This short clip was shot from an elevated walkway approximately 15 feet (4.5 m) above ground, which places the Tama Monorail’s track roughly 50 feet (15 m) in the air. Trains in the sky totally look like the future came early.
We did not expect to receive a request to post a non-lapsed, realtime version of our Yurikamome Hyperlapse, but we did, and here it is. Enjoy the unaltered, 15-minute long 4K Video of the ride on the Yurikamome line from Daiba Station to Shimbashi Station on the privately owned and operated Yurikamome commuter line.
What I personally like about the Yurikamome is that, because you are gliding above the ground and between buildings on a winding track, it feels as though you’re traveling through the city aboard some kind of hover car.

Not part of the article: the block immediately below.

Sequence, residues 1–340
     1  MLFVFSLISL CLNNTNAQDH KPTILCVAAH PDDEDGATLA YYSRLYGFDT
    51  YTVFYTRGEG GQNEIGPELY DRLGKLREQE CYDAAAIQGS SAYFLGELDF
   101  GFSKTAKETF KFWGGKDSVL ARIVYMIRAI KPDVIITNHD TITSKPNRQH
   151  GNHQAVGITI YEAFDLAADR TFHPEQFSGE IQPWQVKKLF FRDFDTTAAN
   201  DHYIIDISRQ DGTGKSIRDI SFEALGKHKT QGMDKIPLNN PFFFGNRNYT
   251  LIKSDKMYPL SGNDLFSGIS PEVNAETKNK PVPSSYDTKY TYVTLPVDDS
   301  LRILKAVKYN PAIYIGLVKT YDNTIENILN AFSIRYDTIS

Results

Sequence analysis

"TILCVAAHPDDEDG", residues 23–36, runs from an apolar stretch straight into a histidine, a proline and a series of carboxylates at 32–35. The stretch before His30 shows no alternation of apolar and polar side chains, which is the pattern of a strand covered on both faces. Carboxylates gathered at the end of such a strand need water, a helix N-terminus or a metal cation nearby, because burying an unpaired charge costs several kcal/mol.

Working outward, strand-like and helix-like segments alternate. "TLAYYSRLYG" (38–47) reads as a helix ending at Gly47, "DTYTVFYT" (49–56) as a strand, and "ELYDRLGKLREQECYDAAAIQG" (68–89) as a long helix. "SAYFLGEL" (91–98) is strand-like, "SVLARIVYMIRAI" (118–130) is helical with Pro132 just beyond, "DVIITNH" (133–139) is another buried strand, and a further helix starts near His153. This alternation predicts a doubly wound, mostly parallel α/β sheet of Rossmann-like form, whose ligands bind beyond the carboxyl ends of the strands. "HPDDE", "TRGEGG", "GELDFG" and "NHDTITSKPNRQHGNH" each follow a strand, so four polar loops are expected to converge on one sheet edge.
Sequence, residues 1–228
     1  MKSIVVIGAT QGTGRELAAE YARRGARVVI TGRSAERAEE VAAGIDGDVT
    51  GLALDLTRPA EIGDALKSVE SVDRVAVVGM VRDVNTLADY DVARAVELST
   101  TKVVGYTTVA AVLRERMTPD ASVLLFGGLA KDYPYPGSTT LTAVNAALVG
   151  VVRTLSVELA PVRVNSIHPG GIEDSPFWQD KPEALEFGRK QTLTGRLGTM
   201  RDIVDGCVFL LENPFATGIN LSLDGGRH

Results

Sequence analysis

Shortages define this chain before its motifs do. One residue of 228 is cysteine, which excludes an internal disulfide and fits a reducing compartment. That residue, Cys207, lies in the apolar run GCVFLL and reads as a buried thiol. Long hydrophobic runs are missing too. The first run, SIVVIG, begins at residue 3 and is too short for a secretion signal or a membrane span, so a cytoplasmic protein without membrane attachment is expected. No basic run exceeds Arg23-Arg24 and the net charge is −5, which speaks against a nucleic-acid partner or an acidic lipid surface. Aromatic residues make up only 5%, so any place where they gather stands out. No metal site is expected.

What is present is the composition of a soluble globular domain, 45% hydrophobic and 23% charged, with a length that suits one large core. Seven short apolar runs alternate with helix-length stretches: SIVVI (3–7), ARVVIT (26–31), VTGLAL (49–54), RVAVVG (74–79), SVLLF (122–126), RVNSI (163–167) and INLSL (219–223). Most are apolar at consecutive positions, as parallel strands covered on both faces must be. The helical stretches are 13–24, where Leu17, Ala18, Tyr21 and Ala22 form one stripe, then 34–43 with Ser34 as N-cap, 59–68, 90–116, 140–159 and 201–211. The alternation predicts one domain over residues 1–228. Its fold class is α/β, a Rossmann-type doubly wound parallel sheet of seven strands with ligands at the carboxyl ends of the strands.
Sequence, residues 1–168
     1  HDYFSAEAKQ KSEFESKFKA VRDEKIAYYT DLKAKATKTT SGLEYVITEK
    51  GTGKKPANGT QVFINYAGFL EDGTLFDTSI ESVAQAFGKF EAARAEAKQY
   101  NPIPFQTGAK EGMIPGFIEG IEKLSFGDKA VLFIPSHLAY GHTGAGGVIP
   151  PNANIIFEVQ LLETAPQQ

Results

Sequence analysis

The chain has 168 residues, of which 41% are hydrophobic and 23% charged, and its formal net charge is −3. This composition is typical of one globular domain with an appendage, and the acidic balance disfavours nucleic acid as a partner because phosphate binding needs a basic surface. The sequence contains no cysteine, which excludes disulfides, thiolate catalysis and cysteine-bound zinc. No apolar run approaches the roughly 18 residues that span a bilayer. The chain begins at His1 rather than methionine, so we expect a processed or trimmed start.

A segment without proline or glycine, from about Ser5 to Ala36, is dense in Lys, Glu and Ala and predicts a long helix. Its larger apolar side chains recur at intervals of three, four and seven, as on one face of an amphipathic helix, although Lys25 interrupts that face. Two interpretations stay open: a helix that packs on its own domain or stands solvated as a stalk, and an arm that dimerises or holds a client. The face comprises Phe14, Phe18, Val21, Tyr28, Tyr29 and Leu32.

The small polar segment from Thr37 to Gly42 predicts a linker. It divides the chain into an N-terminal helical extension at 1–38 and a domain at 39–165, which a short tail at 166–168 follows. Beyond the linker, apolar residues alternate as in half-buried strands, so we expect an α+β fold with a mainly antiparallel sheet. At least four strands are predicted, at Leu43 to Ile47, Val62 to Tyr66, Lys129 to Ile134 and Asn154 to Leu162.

This week it looks like India is going to add Japanese train tech to their cart even though the pirated Chinese knock-offs oooops we mean "models" are cheaper, and here at the Tokyo Game Show, Square Enix has introduced a new company, Shinra Technologies, which they hope will kill all gaming hardware...kinda!
This week Americans are a few steps closer to experiencing the kind of high-speed rail travel that Japan’s ALREADY HAD FOR LIKE 50 YEARS, and a Tsukuba-based company says they’ve made a considerable breakthrough in adding touchy-feely to the looky-looky of virtual and augmented reality systems.
A train festival will be held from August 9 through August 17 at LaLaport Yokohama in Yokohama, Kanagawa prefecture. The main display at the event will be a Shinkansen (bullet train) transforming robot called "Project E5".
Project E5 is made based on JR East's E5 series Shinkansen. It was exhibited to the public at the Tokyo Toy Show 2014, which took place in July, and became very popular.